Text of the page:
You can use a 1031 exchange to defer 100% capital gains tax if you reinvest the proceeds from the previous or relinquished property into another like-kind property. Using a 1031 exchange, investors can defer capital gains taxes, which they otherwise would have to pay. ‘Like-kind’ means that both relinquished and replacement properties must be similar. For example, you can exchange a multi-family apartment for a retail shop or vice-versa. To complete a 1031 exchange, an investor must abide by the rules laid down by the IRS.
Important factors when locating a 1031 exchange property:
1)Contacts – If you aren’t an experienced investor, you may have limited contacts. When locating properties, the first thing you need is reliable sources. The contact information of some real estate brokers is important.
2) Market knowledge – The return of an investment depends upon the market. Not every location offers the same return. Inadequate knowledge of the market where you’re investing can surely affect investment.
3) Availability – No matter whether you’ve planned your investment in advance or nor, you can only get hold of a 1031 exchange commercial property if it’s available. As more and more investors have started doing 1031 exchanges these days, it has become difficult to find a property when required.
You can find a 1031 property list on the websites of a few real estate companies that facilitate 1031 exchanges.
Net leased properties are less management-intensive assets.
A triple net (NNN) lease is a single-tenant arrangement that asks tenants to pay all operating expenses associated with the property they’ve rented. This kind of lease agreement removes the burden of property management from an investor’s shoulders by asking the tenant to pay all operating expenses along with the base rent. Operating expenses, the tenant covers under a NNN lease includes insurance fee, property taxes, and maintenance cost. Single-tenant triple net lease properties for sale could be found with the help of a financial advisor or real estate broker.
Real estate investors choose NNN lease mainly to rid of the burden of property management, which sometimes could get extremely painful. Not only because managing a real estate property requires money, but also because it requires a considerable amount of effort and time. Every investor has their reasons. Bob Wilson, a NNN investor in Texas, shares his story of management-free investment.
What made you invest in NNN properties? Was it increasing maintenance expenses?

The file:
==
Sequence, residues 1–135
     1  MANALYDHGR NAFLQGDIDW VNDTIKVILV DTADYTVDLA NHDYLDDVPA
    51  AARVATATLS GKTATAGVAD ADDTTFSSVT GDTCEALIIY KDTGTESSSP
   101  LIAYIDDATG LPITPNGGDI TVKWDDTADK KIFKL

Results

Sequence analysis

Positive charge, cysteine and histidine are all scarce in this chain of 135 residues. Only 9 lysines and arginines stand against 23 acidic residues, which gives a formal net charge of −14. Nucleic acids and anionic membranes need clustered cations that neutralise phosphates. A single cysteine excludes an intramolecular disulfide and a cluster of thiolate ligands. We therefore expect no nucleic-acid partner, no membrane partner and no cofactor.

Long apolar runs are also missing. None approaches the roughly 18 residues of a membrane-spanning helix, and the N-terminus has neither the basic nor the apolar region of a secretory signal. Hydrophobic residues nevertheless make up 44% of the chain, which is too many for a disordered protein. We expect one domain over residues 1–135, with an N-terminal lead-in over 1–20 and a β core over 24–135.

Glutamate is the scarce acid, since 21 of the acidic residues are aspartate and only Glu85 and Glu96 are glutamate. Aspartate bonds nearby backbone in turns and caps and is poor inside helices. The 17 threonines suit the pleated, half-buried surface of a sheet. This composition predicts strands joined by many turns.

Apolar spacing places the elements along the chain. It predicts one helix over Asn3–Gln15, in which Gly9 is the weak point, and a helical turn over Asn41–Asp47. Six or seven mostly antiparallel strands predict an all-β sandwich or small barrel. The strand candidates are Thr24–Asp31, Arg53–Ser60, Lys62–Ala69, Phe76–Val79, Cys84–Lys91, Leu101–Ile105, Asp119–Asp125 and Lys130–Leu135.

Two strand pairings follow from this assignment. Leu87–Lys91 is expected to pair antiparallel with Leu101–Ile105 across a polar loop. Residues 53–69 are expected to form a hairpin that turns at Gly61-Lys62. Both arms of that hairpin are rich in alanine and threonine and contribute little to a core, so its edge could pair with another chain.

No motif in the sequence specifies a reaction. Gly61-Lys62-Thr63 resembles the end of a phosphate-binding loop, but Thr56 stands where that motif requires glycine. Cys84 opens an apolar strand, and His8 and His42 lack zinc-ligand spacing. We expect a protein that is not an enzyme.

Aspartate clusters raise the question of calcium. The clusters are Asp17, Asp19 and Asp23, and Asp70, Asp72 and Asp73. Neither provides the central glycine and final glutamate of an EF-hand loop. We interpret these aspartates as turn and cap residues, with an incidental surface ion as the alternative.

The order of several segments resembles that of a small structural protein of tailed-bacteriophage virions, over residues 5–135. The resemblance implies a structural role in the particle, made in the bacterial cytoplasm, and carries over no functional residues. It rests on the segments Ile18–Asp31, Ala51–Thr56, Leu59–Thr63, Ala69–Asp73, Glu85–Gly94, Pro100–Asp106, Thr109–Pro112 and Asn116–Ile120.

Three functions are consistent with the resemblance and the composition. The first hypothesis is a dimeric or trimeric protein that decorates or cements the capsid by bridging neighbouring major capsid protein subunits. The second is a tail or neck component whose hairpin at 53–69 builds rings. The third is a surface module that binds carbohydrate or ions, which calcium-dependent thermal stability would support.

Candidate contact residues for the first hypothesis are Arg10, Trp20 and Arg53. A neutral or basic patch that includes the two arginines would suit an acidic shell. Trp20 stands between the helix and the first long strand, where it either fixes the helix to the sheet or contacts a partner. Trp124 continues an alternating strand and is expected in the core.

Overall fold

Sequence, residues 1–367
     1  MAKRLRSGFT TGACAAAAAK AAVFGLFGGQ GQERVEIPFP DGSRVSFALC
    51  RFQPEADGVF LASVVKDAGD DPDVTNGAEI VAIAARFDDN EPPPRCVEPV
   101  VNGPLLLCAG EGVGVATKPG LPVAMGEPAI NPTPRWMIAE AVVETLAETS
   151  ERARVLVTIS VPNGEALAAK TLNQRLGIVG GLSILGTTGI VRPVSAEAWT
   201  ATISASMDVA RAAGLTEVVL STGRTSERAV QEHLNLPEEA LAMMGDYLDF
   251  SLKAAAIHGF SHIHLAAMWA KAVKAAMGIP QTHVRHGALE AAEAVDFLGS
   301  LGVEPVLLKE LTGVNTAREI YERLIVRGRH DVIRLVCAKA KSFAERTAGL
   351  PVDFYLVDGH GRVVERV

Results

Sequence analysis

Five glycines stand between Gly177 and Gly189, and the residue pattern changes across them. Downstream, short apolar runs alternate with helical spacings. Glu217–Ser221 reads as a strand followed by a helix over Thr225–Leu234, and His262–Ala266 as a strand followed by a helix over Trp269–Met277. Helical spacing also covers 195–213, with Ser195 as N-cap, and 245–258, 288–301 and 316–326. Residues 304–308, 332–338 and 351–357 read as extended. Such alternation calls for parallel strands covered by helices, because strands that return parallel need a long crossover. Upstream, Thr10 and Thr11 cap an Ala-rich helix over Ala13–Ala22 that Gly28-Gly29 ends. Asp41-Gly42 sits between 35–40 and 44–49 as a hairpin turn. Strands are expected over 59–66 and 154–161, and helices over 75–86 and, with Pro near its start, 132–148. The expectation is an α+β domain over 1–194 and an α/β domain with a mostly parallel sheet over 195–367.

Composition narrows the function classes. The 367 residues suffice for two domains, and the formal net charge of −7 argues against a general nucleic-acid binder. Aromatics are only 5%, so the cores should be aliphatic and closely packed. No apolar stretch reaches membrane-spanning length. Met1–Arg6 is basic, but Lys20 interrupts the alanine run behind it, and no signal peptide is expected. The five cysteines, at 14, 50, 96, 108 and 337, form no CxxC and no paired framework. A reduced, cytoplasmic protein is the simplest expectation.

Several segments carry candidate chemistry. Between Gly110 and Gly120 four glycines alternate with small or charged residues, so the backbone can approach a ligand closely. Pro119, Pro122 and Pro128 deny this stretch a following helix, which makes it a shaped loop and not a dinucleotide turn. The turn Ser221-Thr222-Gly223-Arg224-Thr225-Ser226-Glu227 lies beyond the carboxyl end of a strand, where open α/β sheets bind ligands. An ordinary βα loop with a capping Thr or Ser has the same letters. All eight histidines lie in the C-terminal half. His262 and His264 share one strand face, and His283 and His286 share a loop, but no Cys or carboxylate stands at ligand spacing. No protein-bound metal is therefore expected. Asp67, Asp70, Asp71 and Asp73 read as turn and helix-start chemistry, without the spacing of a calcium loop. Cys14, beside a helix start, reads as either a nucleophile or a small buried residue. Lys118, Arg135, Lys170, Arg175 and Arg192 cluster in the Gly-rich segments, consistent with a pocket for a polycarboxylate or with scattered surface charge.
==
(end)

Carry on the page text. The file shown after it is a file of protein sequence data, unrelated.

To some extent, yes, but it wasn’t the only reason behind switching to a NNN lease. In my case, time was the main reason. I had a rental property in Austin. I had leased it to a local tenant under a gross lease around eight years ago. He would pay me a flat rent, a part of which I would spend on operating expenses. Since I was getting a fair rent, spending a part of it on the maintenance wasn’t an issue for me. However, after a couple of years, I realized that I was spending too much time keeping the property intact. My tenant would frequently call me for repairing works. One day it would be pipeline repair, another day something else, and I would have to be there for carrying it out. Plus those midnight reminders on upcoming bills. You can see, it was more of mental stress than financial in my case.
How did you come to know about NNN investment? Did it turn out to be the right decision?
It was the best decision I would have taken in my long investment career of 18 years. However, the credit goes to Timothy, my financial advisor. One day I told him that I want to sell that rental property irrespective of what I get in return. I was pissed off, and it was visible on my face. Timothy then suggested me to invest in NNN properties. He came up with a list of single tenant triple net lease properties for sale that were available in Texas. Almost every property was of institutional grade, and so the prices were on the higher side, costlier than my property. However, I didn’t take long to decide. I had to relinquish my old property. I wanted a management-free investment structure, and a triple net lease provided me that.
So you sold your old investment property and bought a NNN property. Weren’t you worried that you would have to pay taxes on your capital gains?
I did sell it and invested the proceeds in the NNN property that I still have. However, I used a 1031 exchange for it. Timothy had already warned me of tax consequences that would come into play if I sold my old investment property. Therefore, he asked me to do a 1031 exchange instead of a direct investment. So, I went through several 1031 NNN properties for sale on hundreds of websites and chose the one that was ideal for me. As a result, I didn’t only get rid of the burden of property management but was also able to defer capital gains tax. I would suggest a NNN lease investment for any investor who wants a steady flow of income without any liabilities.